Why 'Stranger Things' Actually Allows You to Be a Kid
And I'm not talking about as an adult watching arguably the coolest throwback to horror on Netflix TV.
Bear with me on this, because a lot of people will scoff at what I'm going to say: that breakout hit many of you might have already seen of season 2, Stranger Things (and if you don't have a Netflix account, get one), isn't just for adults who were once kids back in the day when watching films like E.T., Ghostbusters, Monster Squad, The Goonies, and much more.
Absolutely not. I'd Wager to say that Stranger Things even applies to kids today!
For good reason, too. Think about it. How old were we when we watched the fun, cool, campy, cute, cheesy, and a bit hard-edged kid horror movie? Probably the same age as those kids on the silver screen. And back then we never had any issues with them waxing cuss words, getting violent with monsters, aliens, government agents, demons, or fairies.
In fact.... We identified with them.
We don't see that kind of horror film anymore, honestly. Or horror TV show. And the fact is when you look at the overall theme of Stranger Things, you know that while there is a healthy smattering of bad language to boot and some fierce content of the scary kind, overall you have to agree: it's really not that inappropriate at all.
Stranger Things treads the fine line quite well. Just about anybody can watch it without freaking out too much... But just enough that you enjoy the thrill.
You can be a "big kid" remembering the day when watching Stand By Me or the TV movie IT was so cool that you just wanted to kill clowns or bullies. Or you're a big Netflix buff in high school or grade school just hearing about the rage that is Stranger Things, practically opening the scary door to some of the golden age that made television, film, and books so much fun before you were born.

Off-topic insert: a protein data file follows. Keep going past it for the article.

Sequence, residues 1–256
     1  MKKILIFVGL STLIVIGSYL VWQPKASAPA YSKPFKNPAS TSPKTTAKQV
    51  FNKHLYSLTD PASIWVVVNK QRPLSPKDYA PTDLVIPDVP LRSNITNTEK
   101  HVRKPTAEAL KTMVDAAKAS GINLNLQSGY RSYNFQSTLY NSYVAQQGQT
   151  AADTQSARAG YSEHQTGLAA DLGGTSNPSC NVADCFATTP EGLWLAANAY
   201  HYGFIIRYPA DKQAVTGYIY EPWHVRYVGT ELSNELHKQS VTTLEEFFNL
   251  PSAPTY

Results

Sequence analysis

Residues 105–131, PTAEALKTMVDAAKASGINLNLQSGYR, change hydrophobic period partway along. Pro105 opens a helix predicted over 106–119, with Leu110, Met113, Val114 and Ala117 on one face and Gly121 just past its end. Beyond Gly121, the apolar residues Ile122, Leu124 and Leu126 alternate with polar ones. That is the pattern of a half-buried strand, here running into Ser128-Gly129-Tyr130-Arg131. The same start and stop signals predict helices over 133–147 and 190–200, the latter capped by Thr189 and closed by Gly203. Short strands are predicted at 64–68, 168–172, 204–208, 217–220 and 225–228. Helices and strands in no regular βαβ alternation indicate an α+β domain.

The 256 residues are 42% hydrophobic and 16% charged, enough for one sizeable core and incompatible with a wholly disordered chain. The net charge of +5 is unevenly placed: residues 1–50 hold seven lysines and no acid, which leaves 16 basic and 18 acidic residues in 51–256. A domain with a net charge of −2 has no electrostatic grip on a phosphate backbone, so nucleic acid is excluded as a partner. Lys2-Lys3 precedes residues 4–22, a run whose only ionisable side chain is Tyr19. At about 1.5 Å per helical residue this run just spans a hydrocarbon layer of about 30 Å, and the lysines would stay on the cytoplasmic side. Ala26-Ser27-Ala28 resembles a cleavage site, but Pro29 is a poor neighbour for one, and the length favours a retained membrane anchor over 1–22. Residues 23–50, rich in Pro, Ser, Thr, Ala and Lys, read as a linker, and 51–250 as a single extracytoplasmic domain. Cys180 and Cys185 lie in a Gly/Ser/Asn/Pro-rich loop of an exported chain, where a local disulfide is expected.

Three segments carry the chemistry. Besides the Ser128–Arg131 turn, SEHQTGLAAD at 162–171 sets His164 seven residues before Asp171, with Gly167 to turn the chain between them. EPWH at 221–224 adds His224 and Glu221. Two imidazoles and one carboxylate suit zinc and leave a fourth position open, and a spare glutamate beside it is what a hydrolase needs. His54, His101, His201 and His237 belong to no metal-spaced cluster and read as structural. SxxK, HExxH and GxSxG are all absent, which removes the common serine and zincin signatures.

Ultimately, Stranger Things has always been about KIDS.
So it truly makes sense that, well, kids will love it, too! And we know we might have our dissenters of that, believing the show might tip the scale a bit much. We get it. But there's a big difference between being gratuitous with gore, blood, darkness, scares and other crazy stuff that'll curdle a kid's hemoglobin—and content that actually makes sense within the theme of the story.
After all, Stranger Things is set back in the day. Through the eyes and perspective of kids. The reason why it works is because it worked before. No one seemed to have a problem with it, because within the story it made perfect sense. You can't ignore the logic.
A kid will honestly spout obscenities if chased by vampires for good reason. You might even have a grade-school kid with a bow and arrow using it for violence (but for good reason, I mean, come on, those vampires won't stop coming). You have to remember: they're stories. And there's a point to them.
Many might actually argue that such content would damage the minds and emotions of our kids—and have done such damage for years.... Okay, if you happen to be an adult reading this, and I know you may have seen one or two of the classics out there, ask yourself that important question: are you so damaged?
You can see that fine line, and it never gets crossed. Watch Monster Squad; then right afterward, check out Francis Ford Coppola's Dracula and tell me if you see a difference between both versions of the Transylvanian lord of the night.
It's, well... like day and night.
The truth is Stranger Things could've crossed that line in much the same way.
But they didn't. It got close—but not quite, and that's where content likes this needs to be, to really resonate with a viewer who either identifies with this, or remembers the good ol' days when campy stuff like Stand By Me, Terminator, or Close Encounters of the Third Kind rattled us without causing serious mental issues. Just sayin'.
As a parent, you might want to remember that when your kid asks to stream Stranger Things.... Don't fret. Because back in the day, chances are you experienced, read, watched, and listened to probably much, much worse.
I bet you're not in therapy for it.